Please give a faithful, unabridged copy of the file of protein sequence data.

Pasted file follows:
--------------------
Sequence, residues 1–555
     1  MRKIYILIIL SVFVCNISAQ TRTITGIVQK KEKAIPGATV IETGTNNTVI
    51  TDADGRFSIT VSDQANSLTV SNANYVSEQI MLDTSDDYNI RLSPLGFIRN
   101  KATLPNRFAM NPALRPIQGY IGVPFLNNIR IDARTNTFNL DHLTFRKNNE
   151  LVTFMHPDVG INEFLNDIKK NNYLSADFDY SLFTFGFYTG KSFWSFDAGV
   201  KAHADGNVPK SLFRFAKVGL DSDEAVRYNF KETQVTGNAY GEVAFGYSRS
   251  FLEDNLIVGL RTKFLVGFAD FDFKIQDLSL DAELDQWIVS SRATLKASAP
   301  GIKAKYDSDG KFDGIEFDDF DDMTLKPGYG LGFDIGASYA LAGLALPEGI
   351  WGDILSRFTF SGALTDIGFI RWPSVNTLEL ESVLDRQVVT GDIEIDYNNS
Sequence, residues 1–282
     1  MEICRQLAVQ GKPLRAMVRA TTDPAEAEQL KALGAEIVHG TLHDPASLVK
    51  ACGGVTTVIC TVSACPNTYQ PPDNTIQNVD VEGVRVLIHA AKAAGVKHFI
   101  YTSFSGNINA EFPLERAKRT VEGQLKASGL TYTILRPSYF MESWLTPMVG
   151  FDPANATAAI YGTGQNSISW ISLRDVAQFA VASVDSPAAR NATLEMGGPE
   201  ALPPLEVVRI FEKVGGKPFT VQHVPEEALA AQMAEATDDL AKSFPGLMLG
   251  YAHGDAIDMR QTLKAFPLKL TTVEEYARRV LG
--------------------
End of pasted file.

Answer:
Sequence, residues 1–555
     1  MRKIYILIIL SVFVCNISAQ TRTITGIVQK KEKAIPGATV IETGTNNTVI
    51  TDADGRFSIT VSDQANSLTV SNANYVSEQI MLDTSDDYNI RLSPLGFIRN
   101  KATLPNRFAM NPALRPIQGY IGVPFLNNIR IDARTNTFNL DHLTFRKNNE
   151  LVTFMHPDVG INEFLNDIKK NNYLSADFDY SLFTFGFYTG KSFWSFDAGV
   201  KAHADGNVPK SLFRFAKVGL DSDEAVRYNF KETQVTGNAY GEVAFGYSRS
   251  FLEDNLIVGL RTKFLVGFAD FDFKIQDLSL DAELDQWIVS SRATLKASAP
   301  GIKAKYDSDG KFDGIEFDDF DDMTLKPGYG LGFDIGASYA LAGLALPEGI
   351  WGDILSRFTF SGALTDIGFI RWPSVNTLEL ESVLDRQVVT GDIEIDYNNS
Sequence, residues 1–282
     1  MEICRQLAVQ GKPLRAMVRA TTDPAEAEQL KALGAEIVHG TLHDPASLVK
    51  ACGGVTTVIC TVSACPNTYQ PPDNTIQNVD VEGVRVLIHA AKAAGVKHFI
   101  YTSFSGNINA EFPLERAKRT VEGQLKASGL TYTILRPSYF MESWLTPMVG
   151  FDPANATAAI YGTGQNSISW ISLRDVAQFA VASVDSPAAR NATLEMGGPE
   201  ALPPLEVVRI FEKVGGKPFT VQHVPEEALA AQMAEATDDL AKSFPGLMLG
   251  YAHGDAIDMR QTLKAFPLKL TTVEEYARRV LG